Floor Deflection Cracked MY Kitchen Tile

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Old 12-30-09, 06:07 AM
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Floor Deflection Cracked MY Kitchen Tile

My house is about 13 years old. Put 12" tile in the kitchen a while back and after a few months the grout started cracking and tile started breaking. The floor under the tile is: 3/4" plywood subfloor, 1/2" OSB, and 1/4" wonder board.

Problem is too much deflection in the floor. Upon inspection in the basement, the joists (engineered) are 12" set 24" OC. Not a typo...24" OC. The thing I don't know is is the deflection in the joist or is it between the joists?

Thanks,
Greg
 
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Old 12-30-09, 07:09 AM
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Joists

How long are the joists? (between support beams,foundation walls)
 
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Old 12-31-09, 05:07 AM
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The shortest span is about 12'. Some are longer.

Greg
 
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Old 12-31-09, 06:04 AM
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How much longer? That is what Ken is looking for. Too much span and you will have deflection at 24" oc.
 
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Old 12-31-09, 07:38 AM
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Joists

There should be bracing between the joists in the center of the spans.

Incorrect installation of the sub floor can be a problem. If the joints are not staggered, then there will be more deflection where the joints are located. This cannot be verified unless you tear out the floor. Just trying to mention some possible causes.

24 in. O.C. is not good. The greatest I have seen is 19.2 in. when floor trusses were used. No tile was used in these applications and strong backs were installed in the trusses.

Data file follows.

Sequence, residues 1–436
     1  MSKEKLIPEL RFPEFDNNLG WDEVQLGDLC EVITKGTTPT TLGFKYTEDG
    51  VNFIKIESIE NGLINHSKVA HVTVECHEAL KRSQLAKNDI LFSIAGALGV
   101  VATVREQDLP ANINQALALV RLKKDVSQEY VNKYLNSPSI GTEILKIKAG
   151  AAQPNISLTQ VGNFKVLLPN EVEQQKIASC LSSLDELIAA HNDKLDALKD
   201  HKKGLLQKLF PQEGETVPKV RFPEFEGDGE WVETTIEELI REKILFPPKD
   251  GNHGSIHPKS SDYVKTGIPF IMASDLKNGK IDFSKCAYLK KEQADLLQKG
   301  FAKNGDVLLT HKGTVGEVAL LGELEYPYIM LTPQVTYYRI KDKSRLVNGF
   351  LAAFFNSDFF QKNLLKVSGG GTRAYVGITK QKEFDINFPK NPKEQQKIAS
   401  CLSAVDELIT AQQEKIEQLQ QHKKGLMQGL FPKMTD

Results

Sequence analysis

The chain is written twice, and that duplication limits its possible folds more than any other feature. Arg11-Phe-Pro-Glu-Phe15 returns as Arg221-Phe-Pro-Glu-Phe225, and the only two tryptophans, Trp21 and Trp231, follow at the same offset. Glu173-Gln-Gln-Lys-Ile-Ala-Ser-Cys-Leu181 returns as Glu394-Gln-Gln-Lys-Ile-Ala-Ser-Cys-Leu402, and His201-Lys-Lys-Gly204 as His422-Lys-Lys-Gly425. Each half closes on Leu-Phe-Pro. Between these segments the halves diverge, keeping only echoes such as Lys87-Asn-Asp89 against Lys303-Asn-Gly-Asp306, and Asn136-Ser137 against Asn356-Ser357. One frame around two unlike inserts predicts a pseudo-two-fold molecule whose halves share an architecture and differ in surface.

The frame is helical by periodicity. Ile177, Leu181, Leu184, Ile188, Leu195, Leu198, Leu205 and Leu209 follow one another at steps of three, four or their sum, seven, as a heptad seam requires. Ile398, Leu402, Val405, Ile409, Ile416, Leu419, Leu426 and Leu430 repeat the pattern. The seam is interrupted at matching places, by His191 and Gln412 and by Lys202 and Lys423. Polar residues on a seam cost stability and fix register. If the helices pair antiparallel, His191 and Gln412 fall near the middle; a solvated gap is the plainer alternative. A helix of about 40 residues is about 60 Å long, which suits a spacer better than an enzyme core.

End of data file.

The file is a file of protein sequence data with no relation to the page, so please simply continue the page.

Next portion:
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Old 12-31-09, 07:57 AM
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If these are i-joists you need to stick with the manufacturer's instructions, which can sometimes mean that you should not install blocking or cross bracing or it could void their warranty. They should have brand names on them, and you can either find the info on the web or contact a dealer directly.

I think you should identify the brand of joist you have and determine whether or not blocking can be installed, and follow the method they suggest. Apparently nails placed midspan can weaken the entire joist. (I think they worry about multiple nails being shot, and the possibility of splitting the engineered wood)

Wirepuller mentioned strongbacks, which if placed across the bottom of the joists, helps alleviate twisting without nailing into the side grain of the engineered wood.
 
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Old 12-31-09, 11:09 AM
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Problem is too much deflection in the floor. Upon inspection in the basement, the joists (engineered) are 12" set 24" OC. Not a typo...24" OC. The thing I don't know is is the deflection in the joist or is it between the joists?
Unless things have changed recently, cement board can be used on 16" and 19.2" centers, but not 24". To answer your question, its likely that your issue is deflection between the joists. In most cases that I,ve seen, tji's are speced to a deflection of L480 which is good for ceramic tile, but not for natural stone. What kinda tile do you have?
 
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Old 12-31-09, 12:12 PM
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Read the label on the sub-floor and see the span rating: http://www.trioforest.com/pdf/Load-Span_Tables.pdf
OSB stiffness, creep, etc.: Georgia-Pacific Plywood and OSB Performance Comparison A poor filler for strength, and being 7/16", not that much help unless glued and screwed: The design of renovations - Google Books

You may no know the OSB orientation for strength calculations: APA Blog for Professional Associates: Proper Orientation of Plywood Underlayment in Floor Systems
Now you have the strength, deflection you need but also have to isolate the tile from the floor: Ditra Floors | Tile Your World
The wonder board, with thinset installed underneath, is just a surface for flat, it doesn't isolate the deflection problems from the span/strength of the joists/plywood. http://www.ilevel.com/literature/TJ-4000.pdf

Be safe, Gary
 
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